Question:

I’m requesting help or ideas. Unfortunately It’s time for my mother (who has Alzheimer’s) to go to a care facility. She is currently at home. She has refused to get into a vehicle for almost a year now. For her safety and others, what should i do?

Answer:

If you are taking care of a loved one at home, you might consider palliative care through a home hospice. Palliative care is specialized medical care for people with serious illnesses. It focuses on providing patients with relief from the symptoms, pain, and stress of a serious illness—whatever the diagnosis. The goal is to improve quality of life for both the patient and the family.

In my experience with home hospice, they provide 3 CNA visits per week, a skilled nurse once a week, an MD visit once a month, and a social worker once a month. They also have respite volunteers to help the caregiver take some time off, various counselors and chaplains, podiatrists, and even hairdressers. They prescribe all the necessary meds, and supplies like ointments, diapers, AP mattresses, wheelchairs, etc. All of it was covered by Medicaid. They will assist you in caring for her at home, a familiar environment, which is much better than being in a facility. However, this is a decision that should be made according to the condition of the patient, and abilities of the caregiver.

Before resorting to palliative care, a regular home health care agency might be a better option. They offer physical, occupational, and speech therapy visits in addition to CNA and skilled nursing. When a patient is past the point where therapy is effective, that agency can refer you to palliative hospice care at home, or in a facility. If you opt for a facility, do very exhaustive research, so that you can find the best one, one that you will have confidence in.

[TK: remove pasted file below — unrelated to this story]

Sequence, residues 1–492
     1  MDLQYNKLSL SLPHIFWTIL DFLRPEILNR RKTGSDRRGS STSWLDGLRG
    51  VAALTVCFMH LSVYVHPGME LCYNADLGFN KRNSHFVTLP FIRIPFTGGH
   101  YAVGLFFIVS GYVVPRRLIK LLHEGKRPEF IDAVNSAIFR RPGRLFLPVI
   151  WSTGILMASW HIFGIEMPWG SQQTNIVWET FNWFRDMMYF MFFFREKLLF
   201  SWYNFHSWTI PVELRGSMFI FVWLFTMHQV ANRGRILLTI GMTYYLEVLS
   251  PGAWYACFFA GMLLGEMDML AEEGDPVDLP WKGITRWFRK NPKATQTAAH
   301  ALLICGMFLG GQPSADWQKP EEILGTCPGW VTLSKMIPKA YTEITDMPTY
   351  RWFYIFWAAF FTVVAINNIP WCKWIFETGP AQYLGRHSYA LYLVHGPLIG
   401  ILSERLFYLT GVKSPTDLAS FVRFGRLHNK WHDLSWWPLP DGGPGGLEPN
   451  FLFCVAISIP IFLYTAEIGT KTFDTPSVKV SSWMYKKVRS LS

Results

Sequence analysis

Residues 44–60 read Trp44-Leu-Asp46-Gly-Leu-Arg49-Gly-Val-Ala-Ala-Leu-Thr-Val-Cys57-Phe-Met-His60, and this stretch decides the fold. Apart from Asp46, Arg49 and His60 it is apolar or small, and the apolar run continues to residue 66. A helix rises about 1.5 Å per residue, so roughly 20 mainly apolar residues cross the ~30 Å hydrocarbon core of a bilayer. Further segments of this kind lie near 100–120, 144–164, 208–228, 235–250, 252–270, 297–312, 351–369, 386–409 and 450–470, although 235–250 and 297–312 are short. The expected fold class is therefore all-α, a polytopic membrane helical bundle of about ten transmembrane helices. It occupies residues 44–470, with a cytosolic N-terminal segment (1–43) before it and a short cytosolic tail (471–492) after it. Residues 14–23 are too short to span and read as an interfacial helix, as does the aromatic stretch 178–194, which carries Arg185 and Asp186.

There are many excellent professional caregivers in facilities, and you shouldn’t feel guilty about making that choice. I have been down all these roads, and personally, I considered a facility as a last resort. Not because their caregivers are “bad”, or they don’t give quality care. It’s just that too many of them are under staffed, with one or two CNAs being responsible for 25 patients.

My mom refused to eat, or participate in group physical therapy in the facility, which was an unforeseen consequence. I found myself spending the entire day there, from 8:30 AM to 9:00 PM, every day, accompanying her to therapy sessions, feeding her, and even changing her when she was incontinent. She would only eat for me, and wouldn’t allow anyone else to feed her, so I brought her home, and got home assistance, first from home health care, and then from hospice. That’s working out much better.

Every situation is different. Whatever you do, don’t feel guilty about your choices. Do your homework, get all the information you can, and make a decision that works for your particular situation, knowing that you are acting out of love, putting the patient’s needs first, and doing the best you can.

It’s not an easy situation to be in for anybody, and can be overwhelming, but over time, experience and training will make it less overwhelming, and more manageable. Especially when you have professional assistance, so seek help. There are a lot of good people in the field who will help you, you don’t have to go it alone.

WebMD has additional information on palliative care.

The community member who wrote this helpful post wishes to remain anonymous.

 

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